The cold reality of ominous rumblings on global markets, job losses in the local steel industry and a manufacturing sector slowly disappearing into the rear view of our two-speed economy are settling in.
Australian policy makers – faced with choices on how to spend billions in carbon tax cash – should perhaps look overseas, where successful renewable energy policies are helping business invigorate stagnant manufacturing industries.
Back in February we brought you the news that, as part of a $26 billion green energy stimulus plan, US thin-film solar panel manufacturer, SoloPower, would receive a $197 million federal loan guarantee to set up a solar panel factory in Oregon.
SoloPower says it has received final approval for the loan guarantee and will immediately begin construction on three facilities in Portland, Oregon, that are expected to produce 400 megawatts (MW) of state-of-the art thin-film copper, indium, gallium and selenide (CIGS) photovoltaic panels per year. SoloPower’s thin-film solar panel can simply be rolled out across a roof-top, without need for racking, making it much easier to install.
The company say says that by securing the federal loan, its high-volume manufacturing plants will create 700 new jobs.
Oregon Senator, Ron Wyden, praised the DOE and loan guarantee scheme as smart policy.
“This loan guarantee from the DOE is the kind of job creating investment this country needs. Companies that push the boundaries of known technology will reinvigorate America’s economy and provide much-needed family wage jobs for Oregonians now, and in the future.”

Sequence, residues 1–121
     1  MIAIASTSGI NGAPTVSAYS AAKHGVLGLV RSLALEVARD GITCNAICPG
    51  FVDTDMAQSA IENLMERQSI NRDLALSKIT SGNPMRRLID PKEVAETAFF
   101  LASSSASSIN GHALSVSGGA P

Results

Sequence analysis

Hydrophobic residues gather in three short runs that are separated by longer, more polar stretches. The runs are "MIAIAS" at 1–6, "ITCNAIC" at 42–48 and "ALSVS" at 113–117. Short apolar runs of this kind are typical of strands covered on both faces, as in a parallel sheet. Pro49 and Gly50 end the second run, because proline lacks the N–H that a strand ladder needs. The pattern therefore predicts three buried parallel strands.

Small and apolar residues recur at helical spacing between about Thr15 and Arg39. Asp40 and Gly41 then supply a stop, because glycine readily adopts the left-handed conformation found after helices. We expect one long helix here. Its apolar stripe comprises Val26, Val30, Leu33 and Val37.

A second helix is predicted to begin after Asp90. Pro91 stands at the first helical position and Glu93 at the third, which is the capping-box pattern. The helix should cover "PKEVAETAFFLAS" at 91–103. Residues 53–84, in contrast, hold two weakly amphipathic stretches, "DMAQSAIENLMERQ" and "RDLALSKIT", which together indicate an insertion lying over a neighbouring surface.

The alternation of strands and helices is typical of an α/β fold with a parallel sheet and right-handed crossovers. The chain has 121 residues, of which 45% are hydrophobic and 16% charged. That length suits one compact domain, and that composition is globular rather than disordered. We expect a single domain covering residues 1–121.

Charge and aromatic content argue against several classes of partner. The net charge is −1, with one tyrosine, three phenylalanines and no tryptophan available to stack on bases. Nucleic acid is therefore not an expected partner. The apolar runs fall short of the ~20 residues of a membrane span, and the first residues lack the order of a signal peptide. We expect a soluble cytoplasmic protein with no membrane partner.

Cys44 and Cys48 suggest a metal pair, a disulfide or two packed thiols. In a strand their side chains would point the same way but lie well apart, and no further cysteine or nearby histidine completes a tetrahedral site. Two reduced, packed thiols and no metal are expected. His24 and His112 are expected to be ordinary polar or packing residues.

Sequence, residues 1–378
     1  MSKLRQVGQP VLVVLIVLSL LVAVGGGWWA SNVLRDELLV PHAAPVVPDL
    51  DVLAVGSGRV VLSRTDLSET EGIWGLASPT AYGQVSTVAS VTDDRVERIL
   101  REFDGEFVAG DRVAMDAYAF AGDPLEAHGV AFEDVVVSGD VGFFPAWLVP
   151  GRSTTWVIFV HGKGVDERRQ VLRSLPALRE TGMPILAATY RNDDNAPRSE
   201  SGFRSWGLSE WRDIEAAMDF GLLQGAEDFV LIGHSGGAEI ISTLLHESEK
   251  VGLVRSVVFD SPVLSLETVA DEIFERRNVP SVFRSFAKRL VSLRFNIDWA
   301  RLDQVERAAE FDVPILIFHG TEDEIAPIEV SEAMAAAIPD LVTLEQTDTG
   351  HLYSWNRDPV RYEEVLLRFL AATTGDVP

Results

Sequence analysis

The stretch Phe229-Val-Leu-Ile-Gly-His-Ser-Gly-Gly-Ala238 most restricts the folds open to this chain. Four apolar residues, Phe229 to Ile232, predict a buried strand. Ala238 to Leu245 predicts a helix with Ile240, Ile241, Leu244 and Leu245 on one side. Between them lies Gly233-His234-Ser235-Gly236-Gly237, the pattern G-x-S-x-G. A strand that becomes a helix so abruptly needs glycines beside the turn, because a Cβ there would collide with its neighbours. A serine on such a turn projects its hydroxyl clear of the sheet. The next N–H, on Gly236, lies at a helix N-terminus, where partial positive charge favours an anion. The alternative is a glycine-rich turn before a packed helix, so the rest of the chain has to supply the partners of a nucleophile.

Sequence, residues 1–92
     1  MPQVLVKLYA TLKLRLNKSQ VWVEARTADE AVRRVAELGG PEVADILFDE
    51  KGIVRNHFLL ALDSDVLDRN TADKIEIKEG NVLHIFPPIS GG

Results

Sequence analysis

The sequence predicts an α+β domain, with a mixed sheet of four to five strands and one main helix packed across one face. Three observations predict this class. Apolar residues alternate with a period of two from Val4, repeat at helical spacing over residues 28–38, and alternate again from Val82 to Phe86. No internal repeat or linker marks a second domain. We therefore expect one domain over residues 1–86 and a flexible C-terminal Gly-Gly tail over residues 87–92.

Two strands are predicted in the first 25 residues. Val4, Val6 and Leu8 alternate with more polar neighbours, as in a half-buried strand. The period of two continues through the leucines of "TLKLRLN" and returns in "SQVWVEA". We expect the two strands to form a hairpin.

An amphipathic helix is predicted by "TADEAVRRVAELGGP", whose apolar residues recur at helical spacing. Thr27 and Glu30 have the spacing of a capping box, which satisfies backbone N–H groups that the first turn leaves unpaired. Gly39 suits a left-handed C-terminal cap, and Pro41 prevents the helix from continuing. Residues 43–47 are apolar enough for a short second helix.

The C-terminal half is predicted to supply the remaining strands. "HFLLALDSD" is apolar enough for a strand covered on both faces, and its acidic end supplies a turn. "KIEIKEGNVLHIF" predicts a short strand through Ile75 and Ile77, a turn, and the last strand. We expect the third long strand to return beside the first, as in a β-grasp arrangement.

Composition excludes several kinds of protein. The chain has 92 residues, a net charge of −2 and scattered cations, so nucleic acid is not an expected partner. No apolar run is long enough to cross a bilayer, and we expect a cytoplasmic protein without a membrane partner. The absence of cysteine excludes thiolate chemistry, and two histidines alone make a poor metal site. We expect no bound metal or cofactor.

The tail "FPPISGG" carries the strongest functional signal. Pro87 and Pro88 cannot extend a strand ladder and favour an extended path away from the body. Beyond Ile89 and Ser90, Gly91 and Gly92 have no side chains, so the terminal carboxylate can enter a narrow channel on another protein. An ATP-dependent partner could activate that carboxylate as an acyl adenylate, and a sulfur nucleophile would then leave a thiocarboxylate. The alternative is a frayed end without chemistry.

Meanwhile, in Australia, local solar manufacturing is now practically non-existent after an announcement last week from Silex Solar that while it would continue to assemble solar panels at its Sydney facilities, it would no longer manufacture solar cells for its panels locally.
Making solar panel related equipment locally is a tough call these days, with Chinese products flooding the market; fueled by consumer demand for cheaper products. However, while some Australian companies have diversified into new areas of solar technology and become more innovative in the hope to compete with the rest of the world; too often the technology and jobs go overseas as local support is deemed insufficient.
A recent example is Enviromission’s solar tower – a breakthrough in solar power related technology that should have seen the first plant located here, but instead will be constructed in Arizona due to more favourable policies and support.